Cabouet’s passionate critique is one that has been missing from much of the talk surrounding TPP resistance. Much as the Black Lives Matter Movement has forced white people to consider the role police play in violently oppressing Black people, FTAs have also forced white people to reassess their belief that their politicians work for them and that US corporations have their well-being in mind. As a part of that understanding white people must also be vigilant to craft solutions that take into consideration the different experiences of people of color and the welfare of all citizens.

“Your fight against the TPP is our fight too. And our fight, the fight for Black and Brown lives, is yours,” said Cabouet. “If our government has shown us anything, it’s that it will willfully defy the wishes of its own people in the name of deregulation and corporate interests. There will always be another NAFTA. There will always be another TPP. Winning the fight against these trade agreements depends on the people of this country, of all colors and all causes, uniting and standing together in the fight against oppression. We can not allow the state sanctioned oppression of an entire people–of any people–to continue within our country. Our fight must be your fight and your fight must be ours. Not a single one of us is free until all of us are free.”

Photo by Oregon Fair Trade Campaign

Photo by Oregon Fair Trade Campaign

A vote is looming on Fast Track. Senate Finance Committee Chair Orrin Hatch wants Wyden—the top ranking Democrat on the committee—to vote for it. Though Wyden has historically shown love for FTAs, regardless of their devastating results, he has had a very hard time making the commitment to Fast Track. Last January, he did not support Fast Track legislation brought forward by Hatch due to pressure from his constituents..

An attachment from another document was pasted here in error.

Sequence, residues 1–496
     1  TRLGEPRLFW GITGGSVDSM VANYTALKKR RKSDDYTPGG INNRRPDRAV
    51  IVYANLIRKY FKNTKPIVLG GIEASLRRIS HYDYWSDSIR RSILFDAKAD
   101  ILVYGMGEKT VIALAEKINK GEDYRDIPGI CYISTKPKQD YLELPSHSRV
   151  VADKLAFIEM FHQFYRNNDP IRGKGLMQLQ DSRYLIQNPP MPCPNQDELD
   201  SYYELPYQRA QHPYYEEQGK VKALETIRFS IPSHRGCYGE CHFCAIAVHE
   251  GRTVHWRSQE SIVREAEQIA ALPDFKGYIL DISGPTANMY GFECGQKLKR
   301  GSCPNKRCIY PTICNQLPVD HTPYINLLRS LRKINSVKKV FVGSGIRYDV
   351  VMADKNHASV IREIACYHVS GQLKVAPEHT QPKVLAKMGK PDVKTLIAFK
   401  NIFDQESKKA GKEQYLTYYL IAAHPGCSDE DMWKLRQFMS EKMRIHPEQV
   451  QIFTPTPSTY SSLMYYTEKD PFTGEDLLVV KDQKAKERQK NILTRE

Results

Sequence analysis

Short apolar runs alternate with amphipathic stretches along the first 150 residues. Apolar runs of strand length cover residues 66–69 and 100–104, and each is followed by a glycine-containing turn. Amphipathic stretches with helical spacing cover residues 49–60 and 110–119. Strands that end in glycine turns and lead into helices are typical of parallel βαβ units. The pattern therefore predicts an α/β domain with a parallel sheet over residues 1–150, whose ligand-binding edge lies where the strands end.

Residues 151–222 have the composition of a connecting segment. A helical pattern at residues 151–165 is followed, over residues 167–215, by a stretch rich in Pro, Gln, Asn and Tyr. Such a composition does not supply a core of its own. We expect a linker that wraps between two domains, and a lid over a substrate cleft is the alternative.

Soon, Wyden began talking about something he was calling Smart Track, which never materialized and appeared to be Fast Track with a different name. After Republicans gained control of the Senate in November, Wyden indicated he would support Fast Track, offering some tepid amendments that would have little effect on the substance of the TPP and other FTAs that might come up under it. People again responded, and again it seems Wyden is feeling the heat, saying recently that Hatch’s call for a hearing on trade this Thursday, February 26—a move seen as an attempt to pressure Wyden to sign on to Fast Track legislation—is “premature.”

Wyden is up for re-election next year. Between Republicans having been competitive in statewide races in recent years and a poll conducted by Public Policy Polling on behalf of Democracy for America that shows half of all Oregon voters would be less likely to vote for Wyden’s re-election if he votes for Fast Track and the TPP, Wyden is perhaps realizing that he does not have much wiggle room. It is never good to go into election with the public sentiment being that you are a destroyer of jobs.

While this is not yet a victory for working people, the pressure they are putting on Wyden appears to be working. The organizing around this issue, particularly by the Oregon Fair Trade Campaign, has been impressive. A wide swathe of groups has come together in an attempt to force Wyden and Blumenauer to oppose Fast Track and the TPP despite their clear desire to pass both.

“Senator Wyden is the highest-ranking Democratic Senator when it comes to overseeing US trade policy, and Congressman Blumenauer sits on the House Trade Subcommittee, so they both have the ability to push for trade agreements that reflect Oregon values,” said Elizabeth Swager of the ORFTC. “Approving Fast Track for the TPP would mean giving away their authority on trade. It would be a total abandonment of their responsibilities to their constituents.”


Want to get involved? Call Senator Wyden at (503) 326-7525  and Representative Blumenauer at (503) 231-2300 to urge them to oppose Fast Track and the Trans Pacific Partnership.

Follow up your phone call with an email to Senator Wyden by going to: